Tourism’s trading floor

2015-04-26 15:00

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SA Tourism’s Thulani Nzima will attend his 24th Tourism Indaba in May. He tells Lloyd Gedye why indaba remains the backbone of the tourism industry

SA Tourism’s CEO, Thulani Nzima, is a veteran of the Tourism Indaba.

This year, Africa’s biggest tourism trade show, which will be held between May 9 and May 11, turns 35.

“Obviously, it is disappointing to talk about these xenophobic attacks that are happening in South Africa. I want to send a message to the rest of Africa that we are very much with you. We are disappointed with the xenophobia we are seeing

in our country. In fact, we are embarrassed,” says Nzima.

“We want to assure everyone that by the time we get to Indaba 2015, this thing will be gone.”

This will be Nzima’s 24th indaba.

“I have seen it from the outside and now from the inside,” he said this past week from his Sandton office.

Nzima is referring to his previous roles, before he was appointed head of SA Tourism in October 2011.

He has attended the indaba 13 times on behalf of SAA, four times on behalf of Avis and three times on behalf of the SA Travel Centre.

Nzima has seen it grow into one of the biggest global tourism trade shows in the world.

Indaba 2014 hosted more than 10?000 visitors, 2?000 tourism buyers from around the world and 1?600 exhibitors from 25 African countries.

In total, 19?399 meetings were facilitated between buyers and sellers at last year’s show – and more than 900 meetings were set up ahead of this year’s event.

“At the end of 20?000 meetings, how much business is done?” asks Nzima rhetorically. “That is the value of this trading floor.”

Nzima is clearly proud of what the Tourism Indaba has become.

“The indaba is up there with the best global tourism platforms in the world, and it now features very firmly in the planning of tourism buyers,” he said.

“The Tourism Indaba has clearly become a Pan-African trade show, providing a one-stop shop for the best of what Africa can offer.

“The indaba is a supermarket with all the goods and services on display, and you come with your trolley and buy what you need, from niche products to basic traditional products.”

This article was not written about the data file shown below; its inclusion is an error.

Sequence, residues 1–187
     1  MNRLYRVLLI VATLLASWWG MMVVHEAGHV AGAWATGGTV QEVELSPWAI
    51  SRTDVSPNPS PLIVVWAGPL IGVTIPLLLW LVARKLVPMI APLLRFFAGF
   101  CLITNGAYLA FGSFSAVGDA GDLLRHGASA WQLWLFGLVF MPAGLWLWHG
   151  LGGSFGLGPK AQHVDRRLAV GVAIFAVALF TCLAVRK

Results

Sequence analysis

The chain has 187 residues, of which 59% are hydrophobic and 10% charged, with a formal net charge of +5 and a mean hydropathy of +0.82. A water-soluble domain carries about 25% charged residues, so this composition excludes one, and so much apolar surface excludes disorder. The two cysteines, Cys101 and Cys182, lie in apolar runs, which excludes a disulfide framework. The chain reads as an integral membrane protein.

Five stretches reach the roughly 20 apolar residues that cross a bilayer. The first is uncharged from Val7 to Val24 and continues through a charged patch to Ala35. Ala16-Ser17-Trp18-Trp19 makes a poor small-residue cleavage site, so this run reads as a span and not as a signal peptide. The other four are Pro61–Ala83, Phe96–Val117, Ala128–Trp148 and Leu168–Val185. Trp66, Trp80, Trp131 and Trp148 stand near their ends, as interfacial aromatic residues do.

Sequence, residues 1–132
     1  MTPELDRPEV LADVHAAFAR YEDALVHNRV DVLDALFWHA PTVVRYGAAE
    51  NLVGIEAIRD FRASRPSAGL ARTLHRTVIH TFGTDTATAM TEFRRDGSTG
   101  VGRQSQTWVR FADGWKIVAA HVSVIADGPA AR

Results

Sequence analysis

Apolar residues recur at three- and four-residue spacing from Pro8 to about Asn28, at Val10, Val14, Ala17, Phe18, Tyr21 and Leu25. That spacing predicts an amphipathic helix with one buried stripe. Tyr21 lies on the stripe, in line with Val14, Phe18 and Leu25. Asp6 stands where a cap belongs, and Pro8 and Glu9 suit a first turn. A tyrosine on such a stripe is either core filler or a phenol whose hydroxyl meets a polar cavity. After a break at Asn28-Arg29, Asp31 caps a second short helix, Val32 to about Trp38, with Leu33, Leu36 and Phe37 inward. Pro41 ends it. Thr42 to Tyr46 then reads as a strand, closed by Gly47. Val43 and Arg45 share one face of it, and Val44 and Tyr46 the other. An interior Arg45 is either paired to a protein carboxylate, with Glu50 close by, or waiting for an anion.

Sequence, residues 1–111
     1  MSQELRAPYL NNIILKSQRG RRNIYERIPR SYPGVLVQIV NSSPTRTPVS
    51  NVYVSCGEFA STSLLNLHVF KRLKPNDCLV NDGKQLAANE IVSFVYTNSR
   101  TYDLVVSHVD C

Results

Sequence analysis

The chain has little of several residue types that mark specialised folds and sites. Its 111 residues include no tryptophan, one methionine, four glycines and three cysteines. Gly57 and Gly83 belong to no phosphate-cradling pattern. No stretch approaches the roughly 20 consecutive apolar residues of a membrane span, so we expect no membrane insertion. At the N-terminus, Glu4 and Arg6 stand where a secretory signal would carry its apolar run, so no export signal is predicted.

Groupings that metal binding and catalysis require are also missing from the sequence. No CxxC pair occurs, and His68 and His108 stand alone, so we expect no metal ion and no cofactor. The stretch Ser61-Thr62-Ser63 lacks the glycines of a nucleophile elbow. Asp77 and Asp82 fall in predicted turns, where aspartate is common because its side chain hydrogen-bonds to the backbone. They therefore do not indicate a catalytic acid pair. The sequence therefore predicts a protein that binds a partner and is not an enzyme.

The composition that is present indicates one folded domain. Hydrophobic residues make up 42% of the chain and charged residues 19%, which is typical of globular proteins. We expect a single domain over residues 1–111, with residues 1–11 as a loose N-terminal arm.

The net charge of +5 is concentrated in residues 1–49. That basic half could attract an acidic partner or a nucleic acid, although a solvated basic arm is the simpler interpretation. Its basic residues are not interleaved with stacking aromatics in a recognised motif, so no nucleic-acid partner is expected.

Nzima was also emphatic that all indaba delegates and foreign nationals coming into South Africa would be safe, and that “South Africa does not take for granted the support we have enjoyed over the years from our brothers and sisters across the continent in contributing to the growth of tourism in our country.

“We have had tremendous success with the indaba because of the support of the rest of the African continent,” he said.

According to Nzima, SA Tourism has experimented with many new initiatives over the past few years, like an online directory and matchmaking system, which is used to set up meetings between buyers and sellers.

He also mentioned the TECHzone, which focuses on how technology can be harnessed in the travel industry, and the blog platform, where international travel bloggers are hosted in South Africa and write about their itinerary of tourism experiences in the country.

Nzima says initiatives like these have been hugely successful and will be streamlined this year to be more efficient.

“This year, we are consolidating our gains,” he said. “Over the past two years, we have revamped the indaba and now we want to stabilise it and only make very small changes.”

At the end of the day, Nzima says, the Tourism Indaba will be measured by its effective facilitation of tourism business.

“The success of trade shows today lies in selling meetings rather than selling space,” he said. “What is important when you attend the indaba is how many meetings you have had. Did you meet the kind of people who you wanted to meet?

“One way of making sure that happens is a robust diary system, a diary system that helps people register themselves, and find matching interests between buyers and sellers,” he says.

“It’s not just about the number of meetings, but the quality of meetings.”

Nzima also mentioned an initiative called speed marketing, which – much like speed dating – gets buyers and sellers around a table for a limited time.

“It allows buyers to see as many sellers as possible,” he says. “If you know you only have 20 minutes to pitch your product, you are not going to waffle, you will get to the point.”

Returning to the topic of the importance of technology in the tourism industry, Nzima says that social-media platforms are very important.

“Tomorrow’s traveller is using online platforms, so it is important to be on those platforms with tourists and speak the language they understand,” he said.

“SA Tourism has embraced technology big time. In fact, we will start the Tourism Indaba with a bloggers’ platform on Friday [May 8]. We have done this for the past two years and it has been very successful.”

This is the third in a series of five articles written by City Press and sponsored by SA Tourism

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